Another way to design & build in Aluminium boats

Discussion in 'Metal Boat Building' started by monomad, May 17, 2014.

  1. Mr Efficiency
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    Mr Efficiency Senior Member

    I don't know whether he wants to save weight, the trend in building this type of boat is to go heavier, to try and compete with the superior ride of glass boats. Not successfully as a rule, but some not so bad.
     
  2. monomad
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    monomad Junior Member

    Hi TANSL
    Thank you for your interest in what I have been doing.
    I have had experience in CNC cutting with plasma, laser and router when I have worked for other boat builders and I find that when custom building one-offs it is just as quick marking and cutting it out my self, plus I like the challenge.
     
  3. TANSL
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    TANSL Senior Member

  4. monomad
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    monomad Junior Member

    Strength , weight , ride , sea conditions and what you are going to use the boat for all play a role in how you build that boat.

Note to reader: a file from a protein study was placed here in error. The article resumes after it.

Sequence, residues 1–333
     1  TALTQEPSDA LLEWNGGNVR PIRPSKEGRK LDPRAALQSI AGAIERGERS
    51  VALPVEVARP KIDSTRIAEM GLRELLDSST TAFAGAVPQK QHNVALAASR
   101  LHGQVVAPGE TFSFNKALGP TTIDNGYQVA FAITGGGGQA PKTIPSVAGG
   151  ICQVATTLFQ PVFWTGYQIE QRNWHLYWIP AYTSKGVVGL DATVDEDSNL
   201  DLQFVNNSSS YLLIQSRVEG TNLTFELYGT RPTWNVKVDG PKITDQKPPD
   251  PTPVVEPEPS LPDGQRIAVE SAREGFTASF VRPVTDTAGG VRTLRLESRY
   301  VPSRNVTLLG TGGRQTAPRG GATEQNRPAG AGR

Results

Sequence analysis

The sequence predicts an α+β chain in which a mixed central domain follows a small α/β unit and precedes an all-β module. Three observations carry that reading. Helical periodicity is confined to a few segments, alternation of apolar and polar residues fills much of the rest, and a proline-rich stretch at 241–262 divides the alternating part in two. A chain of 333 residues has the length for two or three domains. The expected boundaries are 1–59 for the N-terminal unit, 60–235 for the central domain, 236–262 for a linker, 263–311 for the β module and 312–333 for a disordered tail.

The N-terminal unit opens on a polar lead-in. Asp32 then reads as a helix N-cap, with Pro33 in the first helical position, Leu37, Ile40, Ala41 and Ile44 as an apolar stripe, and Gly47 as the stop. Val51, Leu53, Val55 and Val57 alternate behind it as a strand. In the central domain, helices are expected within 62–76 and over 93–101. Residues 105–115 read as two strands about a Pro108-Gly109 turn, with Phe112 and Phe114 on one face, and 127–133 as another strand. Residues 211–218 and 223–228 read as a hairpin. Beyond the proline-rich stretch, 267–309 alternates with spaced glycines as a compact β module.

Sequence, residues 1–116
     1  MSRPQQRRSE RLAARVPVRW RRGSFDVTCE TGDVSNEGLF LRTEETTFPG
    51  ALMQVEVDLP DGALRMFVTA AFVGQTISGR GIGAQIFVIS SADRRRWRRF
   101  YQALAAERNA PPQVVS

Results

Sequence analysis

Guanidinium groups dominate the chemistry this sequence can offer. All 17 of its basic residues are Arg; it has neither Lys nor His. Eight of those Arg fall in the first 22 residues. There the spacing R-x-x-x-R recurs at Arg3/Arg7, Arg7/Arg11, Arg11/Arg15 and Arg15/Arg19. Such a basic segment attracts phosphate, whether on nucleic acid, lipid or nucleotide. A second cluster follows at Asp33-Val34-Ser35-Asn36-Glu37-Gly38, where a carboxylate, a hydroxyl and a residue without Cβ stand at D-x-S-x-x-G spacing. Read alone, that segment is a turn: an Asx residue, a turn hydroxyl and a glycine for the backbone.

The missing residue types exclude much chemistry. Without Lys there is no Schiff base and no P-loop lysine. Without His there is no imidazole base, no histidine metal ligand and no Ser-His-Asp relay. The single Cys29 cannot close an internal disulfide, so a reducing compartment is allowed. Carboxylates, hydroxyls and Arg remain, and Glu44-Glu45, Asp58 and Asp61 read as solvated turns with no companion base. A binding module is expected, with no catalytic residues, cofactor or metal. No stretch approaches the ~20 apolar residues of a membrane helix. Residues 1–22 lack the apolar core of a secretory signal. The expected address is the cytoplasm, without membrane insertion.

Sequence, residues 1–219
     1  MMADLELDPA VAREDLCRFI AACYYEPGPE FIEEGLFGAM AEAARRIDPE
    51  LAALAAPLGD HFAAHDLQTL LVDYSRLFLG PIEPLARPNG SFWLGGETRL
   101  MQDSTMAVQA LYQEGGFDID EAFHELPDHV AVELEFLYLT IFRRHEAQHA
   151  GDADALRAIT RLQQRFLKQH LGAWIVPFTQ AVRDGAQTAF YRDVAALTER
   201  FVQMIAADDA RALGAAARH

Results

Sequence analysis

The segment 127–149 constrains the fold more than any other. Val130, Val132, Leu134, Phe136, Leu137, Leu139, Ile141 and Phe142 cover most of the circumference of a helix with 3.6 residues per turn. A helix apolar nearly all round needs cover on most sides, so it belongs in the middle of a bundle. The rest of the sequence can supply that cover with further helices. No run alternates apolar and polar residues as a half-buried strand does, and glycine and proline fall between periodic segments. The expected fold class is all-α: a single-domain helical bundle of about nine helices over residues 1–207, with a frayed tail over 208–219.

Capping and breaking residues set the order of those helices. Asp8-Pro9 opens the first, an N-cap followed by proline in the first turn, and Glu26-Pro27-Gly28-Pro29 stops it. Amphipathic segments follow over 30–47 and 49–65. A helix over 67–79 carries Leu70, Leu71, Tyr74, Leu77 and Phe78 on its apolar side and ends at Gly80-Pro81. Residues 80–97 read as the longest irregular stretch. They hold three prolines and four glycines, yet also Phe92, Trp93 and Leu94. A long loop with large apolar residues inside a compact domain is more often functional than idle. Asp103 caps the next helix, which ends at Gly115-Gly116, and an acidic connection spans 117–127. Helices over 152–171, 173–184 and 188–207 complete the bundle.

But for an all round boat you would look for Strength ( long lasting ) Weight , weight down low for stability .Ride , A more comfortable ride with out been bounced around in choppy water.
    The way I design and fabricate my boats, I try and use pressings where ever I can to avoid weld distortion and to minimize the use of scantlings.
    All boat building materials have their fors and against and to say that one is superior is pushing the envelope.
    I have worked with fiberglass before, but I prefer working with Aluminium.

    TANSL Tanks, I will keep that in mind.
     

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  5. Mr Efficiency
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    Mr Efficiency Senior Member

    If there's a rock 'n' roll heaven, (apologies to the Righteous Brothers) that boat could be going there, imo. "Too heavy" the 'experts' here say, probably too much rise in the bottom says me. A good set of trim tabs and don't stop motoring. Show us a pic of the bow area.
     
  6. yofish

    yofish Previous Member

    mono, thanks for sharing your ways of construction and design. I really enjoy trying to parse how others come to understand things and manipulate their environment to achieve ends. I will tell you that your style is not mine but nonetheless, I really appreciate your explanations of technique and how you derived them - everything you say makes sense to me.

    The Colt is a nice touch, it'll really push that baby! I have a Junior that I've used on a 6' inflatable moose hunting for years.
     
  7. monomad
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    monomad Junior Member

    The first boat is the one we have been talking about . 22 degrees
    2 photo is my 7.5m 20 degrees
    3 is my 23m 18 degrees
    All of these boats have go very good stability at rest and up on the plan.
    All of my boats do not use trim tabs